Mon. Dec 9th, 2019

The Blue & Gray Press

The University of Mary Washington Student Newspaper

Staff Ed: Jefferson Davis Highway needs a name change

2 min read

Lauren Brumfield / The Blue & Gray Press

By The BLUE AND GRAY PRESS EDITORIAL BOARD

Jefferson Davis Highway runs through the city of Fredericksburg as part of Route 1 and bears the name of the president of the Confederacy. While the cities of Arlington and Alexandria have renamed the road to Richmond Highway, Fredericksburg has yet to make any changes. The city of Fredericksburg should remove Davis’ name from the highway because due to his racist legacy and lack of connection to the area.

As president of the Confederate States of America during the Civil War, Jefferson Davis was not only an outspoken defender of slavery, but he also advocated increasing and extending the practice of slavery, feeling it would benefit the country economically. Davis operated a plantation and owned as many as 113 slaves.

Construction began on Jefferson Davis Highway in 1913, which initially stretched from Arlington to San Diego. It was sponsored by the United Daughters of the Confederacy.

In 2016, students in Dr. Eric Bonds’ political sociology class at UMW worked on a project to rename the highway. They went to city council meetings lobbying for the change, but ultimately their motion failed. They faced backlash from the local Sons of the Confederacy chapter, as well as community members who were concerned that changing the name would hurt tourism.

The name of Jefferson Davis Highway only serves to memorialize one of the darkest times in American history by celebrating a man who both justified and promoted slavery. In addition, Davis was not from Virginia and has no connections to Virginia or the Fredericksburg area. While it is important to remember the Civil War, slavery and the Confederacy as a part of American history, there is no justification for commemorating the Confederacy.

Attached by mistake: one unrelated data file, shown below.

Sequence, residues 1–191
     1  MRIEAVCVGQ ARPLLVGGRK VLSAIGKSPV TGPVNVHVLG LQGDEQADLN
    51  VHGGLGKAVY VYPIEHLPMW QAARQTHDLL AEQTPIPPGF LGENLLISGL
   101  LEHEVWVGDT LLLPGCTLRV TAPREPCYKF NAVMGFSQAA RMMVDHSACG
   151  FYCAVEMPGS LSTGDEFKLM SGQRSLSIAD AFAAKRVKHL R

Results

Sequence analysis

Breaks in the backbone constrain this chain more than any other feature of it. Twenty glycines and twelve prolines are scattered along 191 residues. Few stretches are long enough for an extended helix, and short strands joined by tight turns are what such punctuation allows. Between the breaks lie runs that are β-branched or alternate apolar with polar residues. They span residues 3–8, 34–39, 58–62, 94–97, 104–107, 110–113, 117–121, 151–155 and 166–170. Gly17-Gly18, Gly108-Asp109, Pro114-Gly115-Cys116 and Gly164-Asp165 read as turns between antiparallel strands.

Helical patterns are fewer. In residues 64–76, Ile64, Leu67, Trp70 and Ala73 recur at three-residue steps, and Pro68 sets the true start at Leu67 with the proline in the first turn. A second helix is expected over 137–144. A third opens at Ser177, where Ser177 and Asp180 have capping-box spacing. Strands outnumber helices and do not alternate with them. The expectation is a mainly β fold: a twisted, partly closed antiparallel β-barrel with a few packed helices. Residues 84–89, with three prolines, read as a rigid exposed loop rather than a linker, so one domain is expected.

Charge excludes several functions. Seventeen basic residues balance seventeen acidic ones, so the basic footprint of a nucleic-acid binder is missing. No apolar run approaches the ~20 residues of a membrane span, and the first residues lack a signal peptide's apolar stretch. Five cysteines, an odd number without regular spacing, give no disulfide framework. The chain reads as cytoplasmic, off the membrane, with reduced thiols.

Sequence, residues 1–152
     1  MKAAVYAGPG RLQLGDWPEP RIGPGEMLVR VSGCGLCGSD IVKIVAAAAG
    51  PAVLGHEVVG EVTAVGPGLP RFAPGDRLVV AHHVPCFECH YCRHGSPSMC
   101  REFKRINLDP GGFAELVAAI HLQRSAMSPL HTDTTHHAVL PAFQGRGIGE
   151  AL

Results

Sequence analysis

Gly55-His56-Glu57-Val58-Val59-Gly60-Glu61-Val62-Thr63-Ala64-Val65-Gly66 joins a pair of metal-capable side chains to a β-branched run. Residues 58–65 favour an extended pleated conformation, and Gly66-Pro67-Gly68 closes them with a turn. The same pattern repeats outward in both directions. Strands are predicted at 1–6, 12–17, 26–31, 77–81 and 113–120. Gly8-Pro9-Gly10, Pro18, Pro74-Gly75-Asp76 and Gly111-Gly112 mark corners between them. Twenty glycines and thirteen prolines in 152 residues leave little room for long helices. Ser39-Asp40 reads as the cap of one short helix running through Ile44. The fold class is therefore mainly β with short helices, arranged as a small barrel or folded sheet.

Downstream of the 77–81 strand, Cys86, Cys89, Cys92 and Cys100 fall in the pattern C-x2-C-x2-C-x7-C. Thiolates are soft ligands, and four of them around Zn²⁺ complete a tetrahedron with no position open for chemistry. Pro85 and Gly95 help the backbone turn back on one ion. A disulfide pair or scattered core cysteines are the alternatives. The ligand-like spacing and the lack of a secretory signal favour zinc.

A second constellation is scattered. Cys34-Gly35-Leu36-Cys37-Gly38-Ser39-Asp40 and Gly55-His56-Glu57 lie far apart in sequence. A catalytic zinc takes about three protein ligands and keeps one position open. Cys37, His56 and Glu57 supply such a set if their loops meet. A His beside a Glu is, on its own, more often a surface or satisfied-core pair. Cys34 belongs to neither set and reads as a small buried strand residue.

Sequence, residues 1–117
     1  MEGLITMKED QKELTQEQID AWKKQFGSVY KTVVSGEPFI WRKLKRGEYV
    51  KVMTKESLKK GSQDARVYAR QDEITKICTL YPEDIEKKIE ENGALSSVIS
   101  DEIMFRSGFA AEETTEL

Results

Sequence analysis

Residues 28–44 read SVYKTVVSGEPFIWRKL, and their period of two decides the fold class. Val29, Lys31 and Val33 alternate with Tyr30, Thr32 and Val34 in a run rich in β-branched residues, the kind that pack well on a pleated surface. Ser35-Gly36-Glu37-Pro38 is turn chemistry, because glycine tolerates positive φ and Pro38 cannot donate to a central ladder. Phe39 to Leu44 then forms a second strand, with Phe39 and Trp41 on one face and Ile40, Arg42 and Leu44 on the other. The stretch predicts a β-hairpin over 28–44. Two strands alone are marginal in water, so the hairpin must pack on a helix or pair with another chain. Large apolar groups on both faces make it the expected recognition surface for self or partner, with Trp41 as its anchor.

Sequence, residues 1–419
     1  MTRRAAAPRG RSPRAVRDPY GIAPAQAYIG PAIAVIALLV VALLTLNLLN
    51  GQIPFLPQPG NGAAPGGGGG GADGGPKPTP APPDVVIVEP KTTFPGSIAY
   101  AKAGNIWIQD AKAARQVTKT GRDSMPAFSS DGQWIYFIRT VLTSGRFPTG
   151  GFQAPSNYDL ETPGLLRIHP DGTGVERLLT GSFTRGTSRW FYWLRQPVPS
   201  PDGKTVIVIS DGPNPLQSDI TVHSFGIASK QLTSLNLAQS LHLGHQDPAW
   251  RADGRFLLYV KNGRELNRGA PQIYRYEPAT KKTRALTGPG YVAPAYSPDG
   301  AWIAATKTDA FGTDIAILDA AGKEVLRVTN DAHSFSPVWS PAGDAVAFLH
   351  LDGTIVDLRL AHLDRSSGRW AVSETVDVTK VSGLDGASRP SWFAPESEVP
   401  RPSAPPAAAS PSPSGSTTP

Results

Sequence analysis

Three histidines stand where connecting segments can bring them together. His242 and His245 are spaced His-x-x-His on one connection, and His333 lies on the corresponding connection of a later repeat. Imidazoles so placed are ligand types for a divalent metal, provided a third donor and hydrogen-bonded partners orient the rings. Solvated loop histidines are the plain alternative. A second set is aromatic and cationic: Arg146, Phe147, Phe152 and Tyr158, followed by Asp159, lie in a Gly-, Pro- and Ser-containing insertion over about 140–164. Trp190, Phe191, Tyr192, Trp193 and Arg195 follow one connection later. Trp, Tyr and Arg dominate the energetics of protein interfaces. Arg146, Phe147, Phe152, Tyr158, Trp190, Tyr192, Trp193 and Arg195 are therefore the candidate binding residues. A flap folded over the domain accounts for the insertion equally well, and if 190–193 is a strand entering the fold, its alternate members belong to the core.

Davis once said, “We recognize the negro as God and God’s Book and God’s Laws, in nature tell us to recognize him – our inferior, fitted expressly for servitude. You cannot transform the negro into anything one tenth as useful or as good as what slavery enables them to be.”

This man should not be placed on a pedestal, and people of color should not have to travel on a road named after a prominent racist.

The city of Fredericksburg should follow the example set by the cities of Arlington and Alexandria and rename Jefferson Davis Highway.

This staff editorial was led by Ginny Bixby.

Leave a Reply

Your email address will not be published. Required fields are marked *

Follow me on Twitter

SUBSCRIBE TO THE BLUE & GRAY PRESS

Enter your email address to subscribe to The Blue & Gray Press to receive the latest news at the University of Mary Washington.